Fixed income in general has been relatively unchartered territory, with BGI being the only sponsor offering ETFs in this area. In 2002, it introduced funds tracking US Treasuries of varying maturities, investment-grade corporate bonds and a broad investment-grade bond index. This year, the company is set to provide the ‘building blocks' for fixed income in Europe, with a set of ETFs tracking government and corporate bonds in Europe and the UK, according to Jennifer Grancio, head of distribution at iShares Europe. Despite its size and dominance in Europe, BGI is not complacent. The firm usurped Lyxor's pole position after acquiring third-ranked player Indexchange last November. It now has a weighty 50% of the market while the French contender has 25%.
Jennifer Grancio, head of distribution at iShares Europe, says: "The deal with Indexchange has given us scale to have a local presence across Europe. We are investing in educating European investors who do not use ETFs, not only through acquisitions but also in opening local offices and listing products on six local exchanges. New players are entering the market such as investment banks and specialists. In the future there will more consolidation - particularly at the smaller end of the market," says Grancio.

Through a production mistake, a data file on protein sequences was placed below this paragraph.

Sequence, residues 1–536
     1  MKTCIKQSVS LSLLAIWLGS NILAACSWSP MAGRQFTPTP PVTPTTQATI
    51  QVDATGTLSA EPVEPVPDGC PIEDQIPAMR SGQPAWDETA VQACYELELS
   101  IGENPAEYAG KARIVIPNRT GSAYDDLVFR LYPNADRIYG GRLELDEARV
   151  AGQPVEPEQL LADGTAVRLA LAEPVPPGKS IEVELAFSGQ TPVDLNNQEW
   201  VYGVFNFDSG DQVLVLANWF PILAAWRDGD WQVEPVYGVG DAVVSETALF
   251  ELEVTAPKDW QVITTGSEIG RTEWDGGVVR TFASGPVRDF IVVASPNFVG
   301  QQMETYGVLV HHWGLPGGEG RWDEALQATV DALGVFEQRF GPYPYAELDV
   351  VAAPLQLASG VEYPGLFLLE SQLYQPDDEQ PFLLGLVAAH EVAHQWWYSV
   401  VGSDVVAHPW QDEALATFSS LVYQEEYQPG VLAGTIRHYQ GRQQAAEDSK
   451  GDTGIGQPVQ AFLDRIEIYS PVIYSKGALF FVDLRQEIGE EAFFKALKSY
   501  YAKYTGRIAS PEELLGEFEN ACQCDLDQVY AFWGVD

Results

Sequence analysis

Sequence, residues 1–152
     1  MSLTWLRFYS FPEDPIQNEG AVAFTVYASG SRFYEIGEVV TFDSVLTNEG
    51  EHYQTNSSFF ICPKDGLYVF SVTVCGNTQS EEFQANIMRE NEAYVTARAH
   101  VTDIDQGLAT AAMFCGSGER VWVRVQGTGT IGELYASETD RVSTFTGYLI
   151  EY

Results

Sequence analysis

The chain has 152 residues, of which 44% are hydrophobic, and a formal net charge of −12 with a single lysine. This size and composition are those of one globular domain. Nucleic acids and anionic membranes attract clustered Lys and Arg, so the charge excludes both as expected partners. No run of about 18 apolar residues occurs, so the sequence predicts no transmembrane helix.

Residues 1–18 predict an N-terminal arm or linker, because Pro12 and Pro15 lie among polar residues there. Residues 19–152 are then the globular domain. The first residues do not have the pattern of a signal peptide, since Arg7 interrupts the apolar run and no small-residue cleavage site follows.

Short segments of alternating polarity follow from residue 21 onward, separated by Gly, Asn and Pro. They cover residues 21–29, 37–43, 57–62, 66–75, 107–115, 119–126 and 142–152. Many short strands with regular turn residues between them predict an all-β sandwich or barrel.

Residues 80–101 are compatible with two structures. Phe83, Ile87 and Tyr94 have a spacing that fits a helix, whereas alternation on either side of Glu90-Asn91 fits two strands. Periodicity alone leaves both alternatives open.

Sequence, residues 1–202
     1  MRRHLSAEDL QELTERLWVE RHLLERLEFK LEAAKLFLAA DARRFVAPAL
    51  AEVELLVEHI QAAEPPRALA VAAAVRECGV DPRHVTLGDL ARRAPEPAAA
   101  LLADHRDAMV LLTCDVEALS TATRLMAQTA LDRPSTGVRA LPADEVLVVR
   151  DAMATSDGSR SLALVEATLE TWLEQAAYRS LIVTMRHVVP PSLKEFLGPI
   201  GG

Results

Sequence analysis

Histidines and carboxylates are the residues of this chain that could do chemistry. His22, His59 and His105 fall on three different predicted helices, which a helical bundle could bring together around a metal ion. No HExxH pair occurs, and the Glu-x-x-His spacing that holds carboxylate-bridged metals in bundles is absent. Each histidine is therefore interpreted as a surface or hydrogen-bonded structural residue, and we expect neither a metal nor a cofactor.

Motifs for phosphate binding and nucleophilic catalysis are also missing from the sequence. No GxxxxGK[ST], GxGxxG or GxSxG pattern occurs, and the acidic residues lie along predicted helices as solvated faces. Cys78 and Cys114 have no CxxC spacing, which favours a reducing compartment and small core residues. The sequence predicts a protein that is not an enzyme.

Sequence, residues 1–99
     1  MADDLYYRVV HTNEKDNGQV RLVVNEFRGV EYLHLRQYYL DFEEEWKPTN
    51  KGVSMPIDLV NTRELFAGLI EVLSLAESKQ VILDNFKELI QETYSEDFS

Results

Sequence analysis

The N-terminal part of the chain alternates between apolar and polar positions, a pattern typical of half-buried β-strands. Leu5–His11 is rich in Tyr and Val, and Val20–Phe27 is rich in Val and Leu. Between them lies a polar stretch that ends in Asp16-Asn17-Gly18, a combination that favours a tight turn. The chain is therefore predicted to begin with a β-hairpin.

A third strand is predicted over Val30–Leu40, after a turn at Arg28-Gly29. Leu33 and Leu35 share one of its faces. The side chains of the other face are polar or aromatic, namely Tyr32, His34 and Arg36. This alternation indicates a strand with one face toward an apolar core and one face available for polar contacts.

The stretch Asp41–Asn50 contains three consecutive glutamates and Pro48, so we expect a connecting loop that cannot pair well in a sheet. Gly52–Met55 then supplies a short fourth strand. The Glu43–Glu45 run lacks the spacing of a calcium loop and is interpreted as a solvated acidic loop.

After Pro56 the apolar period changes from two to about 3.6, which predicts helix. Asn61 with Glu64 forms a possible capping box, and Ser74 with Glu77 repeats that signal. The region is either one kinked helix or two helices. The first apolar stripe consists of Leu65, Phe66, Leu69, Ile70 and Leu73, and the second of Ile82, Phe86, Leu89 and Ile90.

"In today's environment, it is important to be innovative, have all the solutions in all the boxes and provide a full suite of products," notes Greg Ehret, senior managing director of State Street Global Advisers, which is relabelling all its ETF products under the SPDRs umbrella. "Europe is also a different market in that there is more duplication of products on indices than in the US. As a result, it is also important to differentiate yourself though marketing and branding."